Knowing Reality: A Reading of Four Quartets

  • Patrick Grant

Abstract

There is an uneasy current of opinion about Four Quartets, suggesting that they are dogmatic, and consequently Christian readers are drawn to them, but secular humanists are not. ‘There can be little doubt — simply as a matter of fact, whether it ought to be so or not — that the radical difficulty is doctrinal’,1 says Graham Hough with an embracing confidence that might carry our assent, were it not that such rhetorical gestures commonly provoke the anxiety they would allay. The world ‘little’ already suggests Hough’s uneasiness; ‘radical’ then follows to qualify the statement further (but what might it mean, here?) Hough almost says, ‘There is no doubt that the difficulty is doctrinal’, but, astutely enough, he fudges. And so it is with a good deal of criticism of Four Quartets, which (as often with secondary literature) takes on a colouration of the original. As Hugh Kenner says, the poem creates an impression of being ‘innocently transparent’2 — plain and straightforward, that is — but keeps falling away into obscurity and enigma.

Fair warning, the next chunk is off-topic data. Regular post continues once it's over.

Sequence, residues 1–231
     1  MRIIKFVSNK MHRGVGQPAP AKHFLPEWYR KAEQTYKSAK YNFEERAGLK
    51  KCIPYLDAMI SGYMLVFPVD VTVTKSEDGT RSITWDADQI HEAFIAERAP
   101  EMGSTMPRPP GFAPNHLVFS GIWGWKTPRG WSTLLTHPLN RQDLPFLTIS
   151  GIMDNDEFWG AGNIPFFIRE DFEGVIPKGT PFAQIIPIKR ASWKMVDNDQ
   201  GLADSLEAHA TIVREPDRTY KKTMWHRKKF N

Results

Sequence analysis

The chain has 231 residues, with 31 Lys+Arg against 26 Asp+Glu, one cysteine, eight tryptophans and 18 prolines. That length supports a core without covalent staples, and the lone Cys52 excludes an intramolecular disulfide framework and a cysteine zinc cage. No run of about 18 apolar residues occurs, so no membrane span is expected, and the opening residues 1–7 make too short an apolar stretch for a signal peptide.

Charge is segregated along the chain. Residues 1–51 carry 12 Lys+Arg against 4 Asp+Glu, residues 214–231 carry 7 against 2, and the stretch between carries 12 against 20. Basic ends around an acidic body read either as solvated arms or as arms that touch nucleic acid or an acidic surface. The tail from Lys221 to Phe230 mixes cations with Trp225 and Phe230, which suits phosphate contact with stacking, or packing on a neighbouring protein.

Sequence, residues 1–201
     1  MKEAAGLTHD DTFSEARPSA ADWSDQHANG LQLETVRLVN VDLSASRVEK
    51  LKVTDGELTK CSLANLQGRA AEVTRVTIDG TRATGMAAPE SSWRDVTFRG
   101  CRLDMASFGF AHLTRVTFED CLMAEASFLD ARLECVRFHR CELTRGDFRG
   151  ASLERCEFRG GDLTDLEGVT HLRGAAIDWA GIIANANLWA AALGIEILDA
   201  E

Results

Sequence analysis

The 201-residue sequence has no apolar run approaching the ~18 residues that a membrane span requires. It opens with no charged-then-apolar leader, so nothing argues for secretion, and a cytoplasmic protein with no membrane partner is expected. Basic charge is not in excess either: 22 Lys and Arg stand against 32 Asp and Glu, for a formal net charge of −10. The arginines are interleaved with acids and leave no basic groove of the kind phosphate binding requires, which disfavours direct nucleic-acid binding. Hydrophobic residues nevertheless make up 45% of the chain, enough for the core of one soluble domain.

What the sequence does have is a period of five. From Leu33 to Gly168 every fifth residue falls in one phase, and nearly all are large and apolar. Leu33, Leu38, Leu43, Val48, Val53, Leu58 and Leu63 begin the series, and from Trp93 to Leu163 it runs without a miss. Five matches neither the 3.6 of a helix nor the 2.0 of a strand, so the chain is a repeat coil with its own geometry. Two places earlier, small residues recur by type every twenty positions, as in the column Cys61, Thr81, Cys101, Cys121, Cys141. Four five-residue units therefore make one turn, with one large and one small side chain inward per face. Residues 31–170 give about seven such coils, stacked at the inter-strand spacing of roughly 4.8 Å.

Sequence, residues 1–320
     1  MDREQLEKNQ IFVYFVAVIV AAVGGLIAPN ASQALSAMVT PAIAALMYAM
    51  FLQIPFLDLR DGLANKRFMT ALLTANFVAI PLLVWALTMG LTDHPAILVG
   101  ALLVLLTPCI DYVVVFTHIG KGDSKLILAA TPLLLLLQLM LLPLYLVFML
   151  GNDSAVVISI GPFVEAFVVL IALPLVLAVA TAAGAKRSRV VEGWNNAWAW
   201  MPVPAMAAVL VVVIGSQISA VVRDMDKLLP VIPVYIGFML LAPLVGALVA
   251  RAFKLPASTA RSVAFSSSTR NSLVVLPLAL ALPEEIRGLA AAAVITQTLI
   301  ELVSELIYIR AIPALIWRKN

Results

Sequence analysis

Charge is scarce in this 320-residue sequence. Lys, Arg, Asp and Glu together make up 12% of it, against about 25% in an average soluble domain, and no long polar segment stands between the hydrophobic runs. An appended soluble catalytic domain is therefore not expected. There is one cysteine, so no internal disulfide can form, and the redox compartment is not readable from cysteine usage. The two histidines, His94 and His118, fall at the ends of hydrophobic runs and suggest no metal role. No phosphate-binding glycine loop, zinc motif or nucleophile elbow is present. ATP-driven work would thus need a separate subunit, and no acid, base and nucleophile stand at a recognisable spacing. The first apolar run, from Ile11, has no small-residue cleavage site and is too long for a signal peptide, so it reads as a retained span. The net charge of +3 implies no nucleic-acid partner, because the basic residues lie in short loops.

Keywords

Dust Manifold Assimilation Ghost Lost 

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Notes

  1. 1.
    Graham Hough, ‘Vision and Doctrine in Four Quartets’, Critical Quarterly 15 (1973) 108.CrossRefGoogle Scholar
  2. 2.
    Hugh Kenner, The Invisible Poet: T. S. Eliot ( London: W. H. Allen, 1960 ) 249.Google Scholar
  3. 4.
    See Peter Ackroyd, T. S. Eliot ( London: Hamish Hamilton, 1984 ) 160.Google Scholar
  4. 6.
    F. H. Bradley, Appearance and Reality. A Metaphysical Essay (Oxford: Clarendon Press, 1930) 199–200, et passim.Google Scholar
  5. 11.
    T. E. Hulme, Speculations. Essays on Humanism and the Philosophy of Art (London: Routledge & Kegan Paul, 1971. First published, 1924 ) 118.Google Scholar
  6. 14.
    See Helen Gardner, The Art of T. S. Eliot ( London: Cresset Press, 1949 ) 44–5.Google Scholar
  7. 16.
    Nancy K. Gish, Time in the Poetry of T. S. Eliot. A Study in Structure and Theme (New Jersey: Barnes & Noble, 1981) 91 ff.CrossRefGoogle Scholar
  8. 17.
    Hugh Kenner, ‘Eliot’s Moral Dialectic’, Hudson Review 2 (1949) 42148.CrossRefGoogle Scholar
  9. 18.
    Donald Davie, ‘T. S. Eliot: The End of an Era’ (1956), ed. Bernard Bergonzi, T. S. Eliot. Four Quartets ( London: Macmillan, 1969 ) 153–67.Google Scholar
  10. 19.
    Denis Donoghue, ‘T. S. Eliot’s Quartets: A New Reading’ (1968), ed. Bergonzi, T. S. Eliot. Four Quartets, 213.Google Scholar

Copyright information

© Palgrave Macmillan, a division of Macmillan Publishers Limited 1990

Authors and Affiliations

  • Patrick Grant

There are no affiliations available

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